Obi-Wan Kenobi actor Rupert Friend recently admitted that he went out of his way to avoid watching Star Wars Rebels in preparation for his role as the Grand Inquisitor on the upcoming Disney+ show.
Friend spoke to Entertainment Weekly (EW) to promote the show and during the interview was asked by EW’s Dalton Ross, “Did you go back and watch any of Star Wars Rebels to sort of see your character in animated form or did you just want to kind of take it fresh with the live action?”
The actor responded, “I really wanted to honor the character as I saw him, and so I almost deliberately did not see the animated interpretation.”
“Myself and [director] Deb Chow and [writer] Dave Filoni and all of the guys really wanted to do something fresh that honored and was faithful to the spirit of the character without doing a kind of impression of anybody else’s interpretation,” he explained.
That’s a really weird answer. How do you honor the character if you haven’t watched the source material? What exactly would you be honoring if you haven’t seen it? How do you even know you would be honoring it?
Aside from those questions, the second part of his answer is even more galling. First, he claims he wants to honor the character, but then claims he wants to create something fresh. It makes absolutely no sense. The Inquisitor should still be the same person we know from Rebels. He should still be a ruthless dark side user hunting down and eradicating Jedi.
If you are honoring that character it’s hard to envision making him fresh at the same time.
Finally, his justification that he didn’t watch the show because he didn’t want to do an impression of somebody else’s interpretation is absurd on its face. I can’t imagine any actor saying that about James Bond.
In fact, Daniel Craig said the opposite while promoting Casino Royale back in 2006. He not only credits Fleming’s original creation, but Sean Connery as well for the staying power of Bond as a cultural icon.
Craig said, “I think the special thing, really, is a lot down to Sean Connery, in spite of the Ian Fleming character as rich and as complicated as it was. Casting Sean, a Scotsman, in the role as the quintessential Englishman really put the spin on it. And, probably, it’s one of the reasons it’s lasted so long.”
In another interview, Craig would make it clear that Connery and the other James Bond actors influenced his portrayal of the character.
“Look, for me Sean Connery defined the role. So, he’s always going to be someone I look towards, especially when I started this. Dr. No and From Russia with Love are two of my favorite films. So, yeah, he’s an influence for sure. As are many other sort of actors in my life anyway.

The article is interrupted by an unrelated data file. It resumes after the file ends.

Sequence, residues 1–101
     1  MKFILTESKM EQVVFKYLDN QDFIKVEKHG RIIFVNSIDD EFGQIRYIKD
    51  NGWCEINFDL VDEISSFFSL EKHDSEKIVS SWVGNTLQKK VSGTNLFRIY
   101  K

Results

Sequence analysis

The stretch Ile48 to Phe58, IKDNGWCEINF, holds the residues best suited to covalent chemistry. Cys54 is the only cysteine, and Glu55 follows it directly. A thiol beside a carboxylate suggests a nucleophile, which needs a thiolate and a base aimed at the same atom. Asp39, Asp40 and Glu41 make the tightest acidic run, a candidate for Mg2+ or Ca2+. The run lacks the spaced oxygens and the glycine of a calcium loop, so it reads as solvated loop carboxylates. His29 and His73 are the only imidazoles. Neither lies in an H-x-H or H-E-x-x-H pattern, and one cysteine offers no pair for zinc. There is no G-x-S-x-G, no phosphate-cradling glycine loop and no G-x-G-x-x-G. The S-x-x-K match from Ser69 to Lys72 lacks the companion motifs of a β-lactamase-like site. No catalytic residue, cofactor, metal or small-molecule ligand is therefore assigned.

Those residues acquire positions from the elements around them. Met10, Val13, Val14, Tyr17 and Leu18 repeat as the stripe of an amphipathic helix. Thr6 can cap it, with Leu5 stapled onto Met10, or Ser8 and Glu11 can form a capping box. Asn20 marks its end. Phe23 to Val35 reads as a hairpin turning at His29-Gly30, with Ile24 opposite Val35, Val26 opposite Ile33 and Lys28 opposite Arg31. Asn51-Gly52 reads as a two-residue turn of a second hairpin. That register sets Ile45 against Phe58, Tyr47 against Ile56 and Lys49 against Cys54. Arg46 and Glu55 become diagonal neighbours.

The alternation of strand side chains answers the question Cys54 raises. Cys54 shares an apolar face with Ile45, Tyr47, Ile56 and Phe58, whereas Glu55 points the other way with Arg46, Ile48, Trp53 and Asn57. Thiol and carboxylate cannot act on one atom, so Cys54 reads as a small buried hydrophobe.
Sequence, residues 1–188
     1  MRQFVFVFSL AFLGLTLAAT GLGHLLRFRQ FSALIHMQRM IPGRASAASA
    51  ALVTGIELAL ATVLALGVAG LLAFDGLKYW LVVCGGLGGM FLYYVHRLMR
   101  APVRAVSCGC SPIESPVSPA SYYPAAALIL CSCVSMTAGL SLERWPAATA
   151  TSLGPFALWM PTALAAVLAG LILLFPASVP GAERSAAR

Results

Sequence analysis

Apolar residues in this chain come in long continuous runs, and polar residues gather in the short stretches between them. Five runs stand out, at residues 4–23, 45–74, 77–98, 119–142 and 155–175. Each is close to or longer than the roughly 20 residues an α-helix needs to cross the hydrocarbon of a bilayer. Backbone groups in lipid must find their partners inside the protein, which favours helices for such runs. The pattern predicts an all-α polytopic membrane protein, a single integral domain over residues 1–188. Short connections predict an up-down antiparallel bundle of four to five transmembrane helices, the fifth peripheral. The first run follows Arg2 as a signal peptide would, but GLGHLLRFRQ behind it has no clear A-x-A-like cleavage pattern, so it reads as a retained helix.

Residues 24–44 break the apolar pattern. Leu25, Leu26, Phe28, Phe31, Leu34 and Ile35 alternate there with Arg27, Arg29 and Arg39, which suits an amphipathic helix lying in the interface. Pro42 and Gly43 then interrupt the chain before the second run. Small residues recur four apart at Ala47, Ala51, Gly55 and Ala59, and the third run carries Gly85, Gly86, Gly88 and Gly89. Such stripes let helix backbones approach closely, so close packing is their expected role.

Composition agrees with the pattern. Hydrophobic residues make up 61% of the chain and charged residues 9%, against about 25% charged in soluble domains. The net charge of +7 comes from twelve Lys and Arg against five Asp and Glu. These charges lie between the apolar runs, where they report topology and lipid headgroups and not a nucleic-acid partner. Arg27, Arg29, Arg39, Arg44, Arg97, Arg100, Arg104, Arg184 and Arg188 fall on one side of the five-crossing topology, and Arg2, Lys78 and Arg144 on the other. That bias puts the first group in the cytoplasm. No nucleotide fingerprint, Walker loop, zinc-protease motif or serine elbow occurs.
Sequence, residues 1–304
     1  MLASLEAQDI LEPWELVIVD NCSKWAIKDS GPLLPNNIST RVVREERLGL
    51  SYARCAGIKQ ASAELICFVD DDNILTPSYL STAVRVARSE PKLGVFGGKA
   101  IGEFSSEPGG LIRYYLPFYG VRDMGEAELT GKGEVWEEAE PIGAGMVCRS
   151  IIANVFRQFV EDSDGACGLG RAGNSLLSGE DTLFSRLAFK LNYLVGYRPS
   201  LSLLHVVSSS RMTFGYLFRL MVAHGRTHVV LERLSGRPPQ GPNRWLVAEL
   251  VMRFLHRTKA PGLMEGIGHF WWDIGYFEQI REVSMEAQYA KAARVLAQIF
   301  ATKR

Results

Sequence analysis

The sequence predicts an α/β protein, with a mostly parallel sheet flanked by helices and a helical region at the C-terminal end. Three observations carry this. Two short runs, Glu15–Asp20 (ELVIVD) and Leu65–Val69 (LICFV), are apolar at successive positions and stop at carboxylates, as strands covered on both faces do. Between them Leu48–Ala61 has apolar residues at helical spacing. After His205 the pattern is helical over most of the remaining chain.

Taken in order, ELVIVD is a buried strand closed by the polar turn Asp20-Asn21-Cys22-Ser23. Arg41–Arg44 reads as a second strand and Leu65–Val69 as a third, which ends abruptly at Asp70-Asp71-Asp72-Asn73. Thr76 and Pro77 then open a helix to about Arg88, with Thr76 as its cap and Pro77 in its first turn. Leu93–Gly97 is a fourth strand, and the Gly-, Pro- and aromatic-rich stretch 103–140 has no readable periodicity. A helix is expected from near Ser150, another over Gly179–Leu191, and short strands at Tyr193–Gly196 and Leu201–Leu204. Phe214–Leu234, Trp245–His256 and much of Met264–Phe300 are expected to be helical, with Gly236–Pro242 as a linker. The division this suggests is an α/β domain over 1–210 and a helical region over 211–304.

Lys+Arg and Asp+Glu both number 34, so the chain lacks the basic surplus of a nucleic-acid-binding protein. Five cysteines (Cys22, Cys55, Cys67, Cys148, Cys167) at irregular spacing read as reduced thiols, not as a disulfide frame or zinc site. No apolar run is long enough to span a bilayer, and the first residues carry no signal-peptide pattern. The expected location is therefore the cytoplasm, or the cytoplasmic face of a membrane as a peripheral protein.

The character has been depicted a certain way for a reason. Actors should be doing their best to interpret the character in the same way because that’s how they’ve been characterized especially if you are trying to honor the character. Again in order to honor the character, you need to know the character’s history.
Can you imagine the next James Bond not having the same mannerisms film goers have become accustomed too? Can you imagine Bond not having the same swagger and style that Fleming not only wrote for the character, but how Connery brought it to life?
Nevertheless, Friend would also be asked, “Tell me about the voice. It’s so ominous in that first trailer. How’d you work on the sound and coming up with how you wanted to give this character life through the voice?”
He answered, “It was interesting because, as I say, I deliberately didn’t want to sort of use anybody else’s interpretation of this character. So it was really something that I felt very instinctively when I read the script.”
“And one of the lines that [Joby Harold], the writer, had written was when the Grand Inquisitor speaks, he’s a being who enjoys the sound of his own voice,” he said. “He’s one of those guys who, if you didn’t stop him, would just talk and talk and talk.”
“And I’m not giving anything away by saying we’re going to experience that in the show. He has this very juicy way of enjoying himself. And I just thought, what does the guy who enjoys the sound of his own voice sound like? And that’s what we got,” he concluded.
While Ross appeared to admit he didn’t actually research the character’s previous appearances in Star Wars Rebels, he did provide quite a bit of information on what viewers can expect if they happen to tune into Obi-Wan Kenobi.
“Okay, so basically the Grand Inquisitor is the chief of the Inquisitors, and he reports directly to Darth Vader. He’s a pretty powerful member of the dark side,” Friend relayed. “And some people who aren’t familiar with Star Wars may or may not know this, but he used to be a Jedi. He used to fight for the forces of good as a temple guard. And he also is one of the people who trained Jedi in fighting styles, so he knows all the things that they know about fighting, and that makes him a pretty fearsome opponent.”
Friend would also discuss the Grand Inquisitor’s relationship with Vader and his position in the Empire’s hierarchy. He detailed, “Well, obviously with the rule of two, in the HR chart, you’ve got the Emperor first, then you’ve got Vader. And I’d say [The Grand Inquisitor] is right there, I wouldn’t even say below. In his mind, he’s on a par with Vader.”
“He’s not. Obviously, Vader would probably kill him. But I think it would be quite an interesting fight. Because you’ve got this idea of a fearsome guy, this Grand Inquisitor, who yes, reports to Vader. And I do think he respects the hierarchy and the order of command. But I think if there were ever a slip-up, he would be waiting in the wings,” he elaborated.
What do you make of Friend’s comments?